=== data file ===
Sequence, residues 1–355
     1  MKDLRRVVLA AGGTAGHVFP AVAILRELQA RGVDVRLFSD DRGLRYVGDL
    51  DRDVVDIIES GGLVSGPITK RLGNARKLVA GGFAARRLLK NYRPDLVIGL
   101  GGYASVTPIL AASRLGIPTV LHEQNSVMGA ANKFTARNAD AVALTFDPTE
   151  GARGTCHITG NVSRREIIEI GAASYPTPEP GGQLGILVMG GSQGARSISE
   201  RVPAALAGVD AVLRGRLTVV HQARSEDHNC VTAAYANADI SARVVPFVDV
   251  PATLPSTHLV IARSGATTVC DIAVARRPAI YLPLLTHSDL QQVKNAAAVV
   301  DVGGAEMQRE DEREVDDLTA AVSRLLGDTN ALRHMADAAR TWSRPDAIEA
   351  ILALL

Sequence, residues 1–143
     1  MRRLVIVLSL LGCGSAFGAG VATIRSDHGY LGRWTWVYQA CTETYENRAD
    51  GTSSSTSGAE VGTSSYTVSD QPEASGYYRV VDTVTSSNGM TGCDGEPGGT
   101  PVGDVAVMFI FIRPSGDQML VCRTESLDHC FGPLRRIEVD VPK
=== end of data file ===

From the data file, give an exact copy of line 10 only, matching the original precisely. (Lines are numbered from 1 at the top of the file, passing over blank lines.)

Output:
Sequence, residues 1–143